The third series is in memory of Damilola Taylor, an 11-year-old boy from London who was stabbed to death in a racist attack.
The drama explores the issue of young people carrying knives and also issues around community cohesion and what makes a safe community. Other story lines touch on how football and sport can be used as a positive activity to divert young people away from the temptations of crime and also how issues around identity and self image can affect our personal safety.
Sex and relationships and making friends online are also a major theme of the drama. The film explores how young people can be pulled into relationships with strangers through the internet which can put them at risk. It also demonstrates the way relationships and peer pressure can affect our safety in vehicles. Chief Constable Meredydd Hughes, speaking about road safety in the film, says: “One fact which is often quoted to me is that the biggest killer of teenage girls is their teenage boyfriends driving their cars.”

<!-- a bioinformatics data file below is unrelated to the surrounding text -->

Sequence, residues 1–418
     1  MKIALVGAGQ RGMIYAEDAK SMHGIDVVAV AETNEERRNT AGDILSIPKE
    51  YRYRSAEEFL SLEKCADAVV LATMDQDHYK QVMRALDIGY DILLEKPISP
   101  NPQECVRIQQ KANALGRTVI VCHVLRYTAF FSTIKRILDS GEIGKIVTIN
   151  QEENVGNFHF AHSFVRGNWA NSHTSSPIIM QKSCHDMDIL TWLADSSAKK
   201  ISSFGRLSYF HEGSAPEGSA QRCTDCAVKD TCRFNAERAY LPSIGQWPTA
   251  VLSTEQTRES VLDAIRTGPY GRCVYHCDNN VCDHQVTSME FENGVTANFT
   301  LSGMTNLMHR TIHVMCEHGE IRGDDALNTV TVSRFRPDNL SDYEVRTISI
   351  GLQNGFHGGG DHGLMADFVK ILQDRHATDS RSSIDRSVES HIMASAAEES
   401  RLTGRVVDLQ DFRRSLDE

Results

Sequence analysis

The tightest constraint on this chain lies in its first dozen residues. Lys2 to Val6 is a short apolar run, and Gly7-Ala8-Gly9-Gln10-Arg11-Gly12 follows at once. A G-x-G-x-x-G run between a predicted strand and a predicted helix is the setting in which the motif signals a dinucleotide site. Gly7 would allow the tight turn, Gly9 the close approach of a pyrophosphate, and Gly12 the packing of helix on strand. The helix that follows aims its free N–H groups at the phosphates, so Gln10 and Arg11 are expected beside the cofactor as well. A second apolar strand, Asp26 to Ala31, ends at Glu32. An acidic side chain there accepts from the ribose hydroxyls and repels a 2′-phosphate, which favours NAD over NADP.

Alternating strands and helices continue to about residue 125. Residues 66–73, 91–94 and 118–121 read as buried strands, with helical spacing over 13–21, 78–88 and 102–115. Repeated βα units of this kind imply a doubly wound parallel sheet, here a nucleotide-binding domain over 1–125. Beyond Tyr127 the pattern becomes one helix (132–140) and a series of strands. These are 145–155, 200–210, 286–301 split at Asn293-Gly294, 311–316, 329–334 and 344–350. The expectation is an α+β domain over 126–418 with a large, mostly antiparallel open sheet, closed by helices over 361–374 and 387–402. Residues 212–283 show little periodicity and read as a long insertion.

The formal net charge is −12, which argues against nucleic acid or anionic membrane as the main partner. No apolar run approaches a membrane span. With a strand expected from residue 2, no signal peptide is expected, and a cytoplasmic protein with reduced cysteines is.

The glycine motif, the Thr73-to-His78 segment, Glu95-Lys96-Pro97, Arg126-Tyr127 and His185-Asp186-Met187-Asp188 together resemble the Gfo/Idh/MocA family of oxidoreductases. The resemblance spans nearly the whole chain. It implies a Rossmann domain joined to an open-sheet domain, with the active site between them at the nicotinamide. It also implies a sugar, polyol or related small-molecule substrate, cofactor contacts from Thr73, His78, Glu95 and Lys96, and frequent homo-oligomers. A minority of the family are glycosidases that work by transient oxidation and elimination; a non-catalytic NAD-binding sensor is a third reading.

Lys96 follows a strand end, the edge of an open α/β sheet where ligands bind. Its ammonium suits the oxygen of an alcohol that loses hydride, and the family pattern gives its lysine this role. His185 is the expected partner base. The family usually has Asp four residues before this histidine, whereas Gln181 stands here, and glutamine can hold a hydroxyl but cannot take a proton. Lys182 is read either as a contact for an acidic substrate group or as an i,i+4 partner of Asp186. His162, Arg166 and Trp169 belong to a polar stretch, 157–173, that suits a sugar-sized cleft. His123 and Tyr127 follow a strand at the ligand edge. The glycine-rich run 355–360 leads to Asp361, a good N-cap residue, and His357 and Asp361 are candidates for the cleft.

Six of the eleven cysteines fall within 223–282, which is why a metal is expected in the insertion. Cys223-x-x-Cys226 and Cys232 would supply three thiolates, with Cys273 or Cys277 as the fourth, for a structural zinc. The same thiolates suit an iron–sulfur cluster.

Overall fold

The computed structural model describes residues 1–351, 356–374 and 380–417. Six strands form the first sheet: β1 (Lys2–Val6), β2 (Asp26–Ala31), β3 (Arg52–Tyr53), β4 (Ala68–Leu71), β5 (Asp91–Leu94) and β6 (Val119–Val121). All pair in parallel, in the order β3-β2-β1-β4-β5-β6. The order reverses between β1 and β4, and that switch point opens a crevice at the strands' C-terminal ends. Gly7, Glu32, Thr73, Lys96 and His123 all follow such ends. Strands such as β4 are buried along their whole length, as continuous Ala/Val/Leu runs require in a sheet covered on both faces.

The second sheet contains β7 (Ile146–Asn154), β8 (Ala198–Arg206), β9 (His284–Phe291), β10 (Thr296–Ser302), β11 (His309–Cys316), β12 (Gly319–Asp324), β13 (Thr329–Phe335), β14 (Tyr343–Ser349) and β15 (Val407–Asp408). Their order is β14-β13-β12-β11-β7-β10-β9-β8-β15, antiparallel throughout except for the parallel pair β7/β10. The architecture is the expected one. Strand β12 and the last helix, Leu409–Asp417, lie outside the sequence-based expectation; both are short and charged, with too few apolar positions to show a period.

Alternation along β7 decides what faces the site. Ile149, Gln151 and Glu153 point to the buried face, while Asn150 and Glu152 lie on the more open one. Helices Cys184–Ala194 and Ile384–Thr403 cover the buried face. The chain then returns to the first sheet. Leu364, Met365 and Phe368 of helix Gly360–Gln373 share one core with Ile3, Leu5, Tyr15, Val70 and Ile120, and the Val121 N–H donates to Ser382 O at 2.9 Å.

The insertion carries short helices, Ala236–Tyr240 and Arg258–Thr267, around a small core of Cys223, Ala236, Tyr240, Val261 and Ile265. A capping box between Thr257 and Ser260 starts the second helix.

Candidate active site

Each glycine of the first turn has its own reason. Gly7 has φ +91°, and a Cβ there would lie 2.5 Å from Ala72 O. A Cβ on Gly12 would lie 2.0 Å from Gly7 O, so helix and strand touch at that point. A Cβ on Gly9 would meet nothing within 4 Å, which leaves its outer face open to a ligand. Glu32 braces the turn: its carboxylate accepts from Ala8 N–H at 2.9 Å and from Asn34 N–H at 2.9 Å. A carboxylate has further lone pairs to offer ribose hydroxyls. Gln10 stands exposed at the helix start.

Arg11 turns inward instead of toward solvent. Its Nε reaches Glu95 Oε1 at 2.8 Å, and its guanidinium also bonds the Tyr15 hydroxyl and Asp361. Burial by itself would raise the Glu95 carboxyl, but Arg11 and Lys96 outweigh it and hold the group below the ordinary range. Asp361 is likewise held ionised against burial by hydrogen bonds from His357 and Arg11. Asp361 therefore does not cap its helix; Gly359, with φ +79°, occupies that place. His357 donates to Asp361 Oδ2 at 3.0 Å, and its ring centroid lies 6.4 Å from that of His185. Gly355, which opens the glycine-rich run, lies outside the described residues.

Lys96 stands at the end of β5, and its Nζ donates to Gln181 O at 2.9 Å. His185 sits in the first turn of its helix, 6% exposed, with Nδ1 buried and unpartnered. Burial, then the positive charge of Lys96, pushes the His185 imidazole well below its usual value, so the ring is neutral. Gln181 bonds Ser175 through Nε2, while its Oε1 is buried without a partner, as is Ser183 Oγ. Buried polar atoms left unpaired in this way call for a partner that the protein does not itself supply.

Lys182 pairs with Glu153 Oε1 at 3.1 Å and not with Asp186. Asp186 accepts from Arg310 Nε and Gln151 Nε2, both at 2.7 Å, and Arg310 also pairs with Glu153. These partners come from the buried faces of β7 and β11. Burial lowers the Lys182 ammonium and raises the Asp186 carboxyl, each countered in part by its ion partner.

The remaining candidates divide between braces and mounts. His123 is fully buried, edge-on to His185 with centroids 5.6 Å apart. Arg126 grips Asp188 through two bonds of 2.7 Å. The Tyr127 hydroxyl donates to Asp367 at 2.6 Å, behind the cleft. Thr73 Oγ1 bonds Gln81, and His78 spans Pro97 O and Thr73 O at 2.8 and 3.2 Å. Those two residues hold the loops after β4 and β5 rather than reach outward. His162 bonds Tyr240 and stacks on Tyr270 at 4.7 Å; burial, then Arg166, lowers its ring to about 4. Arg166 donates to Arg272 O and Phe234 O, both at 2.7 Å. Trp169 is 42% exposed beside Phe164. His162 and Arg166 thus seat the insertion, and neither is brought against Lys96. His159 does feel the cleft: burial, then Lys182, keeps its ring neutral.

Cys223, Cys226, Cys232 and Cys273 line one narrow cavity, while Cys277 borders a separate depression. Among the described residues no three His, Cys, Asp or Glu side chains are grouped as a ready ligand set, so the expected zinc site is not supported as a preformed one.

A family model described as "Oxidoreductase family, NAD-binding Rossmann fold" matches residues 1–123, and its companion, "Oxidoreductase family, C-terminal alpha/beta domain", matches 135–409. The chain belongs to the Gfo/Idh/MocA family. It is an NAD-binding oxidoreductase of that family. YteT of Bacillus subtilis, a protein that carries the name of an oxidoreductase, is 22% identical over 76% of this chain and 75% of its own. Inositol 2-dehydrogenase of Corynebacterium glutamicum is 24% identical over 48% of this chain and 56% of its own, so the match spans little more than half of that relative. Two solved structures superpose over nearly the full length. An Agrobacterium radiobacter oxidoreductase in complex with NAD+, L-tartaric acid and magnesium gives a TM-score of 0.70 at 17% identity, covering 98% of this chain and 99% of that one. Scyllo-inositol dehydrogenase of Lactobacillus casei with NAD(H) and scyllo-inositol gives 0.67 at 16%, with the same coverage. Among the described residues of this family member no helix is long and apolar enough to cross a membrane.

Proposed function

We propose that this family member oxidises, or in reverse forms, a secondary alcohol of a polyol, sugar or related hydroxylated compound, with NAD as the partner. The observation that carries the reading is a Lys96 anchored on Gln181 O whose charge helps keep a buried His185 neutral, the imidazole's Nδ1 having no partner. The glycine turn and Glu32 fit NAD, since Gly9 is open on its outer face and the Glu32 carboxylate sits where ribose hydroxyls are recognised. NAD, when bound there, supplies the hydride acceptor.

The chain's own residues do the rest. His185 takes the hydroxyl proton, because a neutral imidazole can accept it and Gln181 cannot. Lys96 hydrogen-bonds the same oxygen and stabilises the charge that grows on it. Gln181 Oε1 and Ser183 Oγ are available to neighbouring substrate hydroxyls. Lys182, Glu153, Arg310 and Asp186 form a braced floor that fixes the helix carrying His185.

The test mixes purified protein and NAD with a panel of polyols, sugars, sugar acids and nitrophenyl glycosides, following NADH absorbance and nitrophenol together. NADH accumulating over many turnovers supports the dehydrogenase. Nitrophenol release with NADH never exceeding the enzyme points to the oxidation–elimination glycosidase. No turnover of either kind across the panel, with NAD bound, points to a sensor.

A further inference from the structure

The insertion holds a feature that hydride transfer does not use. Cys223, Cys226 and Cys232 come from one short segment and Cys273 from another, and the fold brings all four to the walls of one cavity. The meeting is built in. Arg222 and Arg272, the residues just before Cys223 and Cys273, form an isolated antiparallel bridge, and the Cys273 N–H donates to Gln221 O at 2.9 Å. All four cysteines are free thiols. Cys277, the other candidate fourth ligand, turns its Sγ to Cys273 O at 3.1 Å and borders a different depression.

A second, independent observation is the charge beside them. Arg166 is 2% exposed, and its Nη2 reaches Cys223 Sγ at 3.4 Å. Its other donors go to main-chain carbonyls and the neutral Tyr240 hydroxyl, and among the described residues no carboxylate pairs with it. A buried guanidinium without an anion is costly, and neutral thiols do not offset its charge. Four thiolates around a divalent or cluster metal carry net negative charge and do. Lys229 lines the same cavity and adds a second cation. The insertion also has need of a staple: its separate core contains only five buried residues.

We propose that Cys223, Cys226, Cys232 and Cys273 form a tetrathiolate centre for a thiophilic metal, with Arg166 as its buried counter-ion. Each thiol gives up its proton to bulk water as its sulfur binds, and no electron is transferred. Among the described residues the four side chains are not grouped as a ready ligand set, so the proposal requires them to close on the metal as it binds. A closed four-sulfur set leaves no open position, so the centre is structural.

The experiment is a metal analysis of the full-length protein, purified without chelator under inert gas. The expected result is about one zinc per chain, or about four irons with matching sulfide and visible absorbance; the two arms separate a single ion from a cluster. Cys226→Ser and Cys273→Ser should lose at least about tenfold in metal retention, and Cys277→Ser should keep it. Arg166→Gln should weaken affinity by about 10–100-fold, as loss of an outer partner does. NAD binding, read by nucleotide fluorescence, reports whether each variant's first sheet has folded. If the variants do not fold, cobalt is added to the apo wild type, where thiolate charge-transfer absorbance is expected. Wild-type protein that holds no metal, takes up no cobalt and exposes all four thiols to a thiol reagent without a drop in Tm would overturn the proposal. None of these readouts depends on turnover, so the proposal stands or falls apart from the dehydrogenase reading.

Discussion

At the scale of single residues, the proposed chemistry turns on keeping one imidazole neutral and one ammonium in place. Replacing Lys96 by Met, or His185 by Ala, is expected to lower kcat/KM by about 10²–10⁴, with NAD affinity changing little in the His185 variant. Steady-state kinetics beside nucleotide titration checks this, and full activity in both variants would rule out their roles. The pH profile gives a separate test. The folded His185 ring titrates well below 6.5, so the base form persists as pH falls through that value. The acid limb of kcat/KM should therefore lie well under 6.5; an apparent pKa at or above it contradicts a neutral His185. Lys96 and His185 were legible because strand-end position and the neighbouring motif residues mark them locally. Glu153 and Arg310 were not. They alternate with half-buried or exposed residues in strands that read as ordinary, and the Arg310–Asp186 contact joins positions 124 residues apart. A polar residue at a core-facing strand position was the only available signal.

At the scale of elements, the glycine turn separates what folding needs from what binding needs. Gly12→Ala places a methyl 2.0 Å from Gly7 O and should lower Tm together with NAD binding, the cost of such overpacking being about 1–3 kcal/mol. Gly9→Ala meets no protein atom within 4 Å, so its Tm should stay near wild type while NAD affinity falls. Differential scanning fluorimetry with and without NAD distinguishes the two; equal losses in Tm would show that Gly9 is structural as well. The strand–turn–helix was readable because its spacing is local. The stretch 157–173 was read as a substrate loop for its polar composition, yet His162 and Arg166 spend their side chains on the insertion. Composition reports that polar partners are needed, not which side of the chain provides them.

As well as the main story lines, there are many subtle sub plots that throw up issues around drugs and alcohol, employment, the empowerment of women, teenage depression and suicide and the reality of prison life. The drama gives many opportunities for young people to discuss real life issues through the characters and story lines they see on screen.
The story lines are devised and researched with the National Youth Theatre of Great Britain and young actors from the NYT play the characters. There is nothing in the drama that goes beyond the real life experiences of young people and they also shape the language and the scripts. The film is of the highest quality so that young people realise that their safety is of the utmost importance to adults. The drama also allows members of the community from the police, fire service and sports world to deliver lessons and join discussions. Self help groups and charities can also contribute to the experience and help teenagers understand where to go if they are in trouble.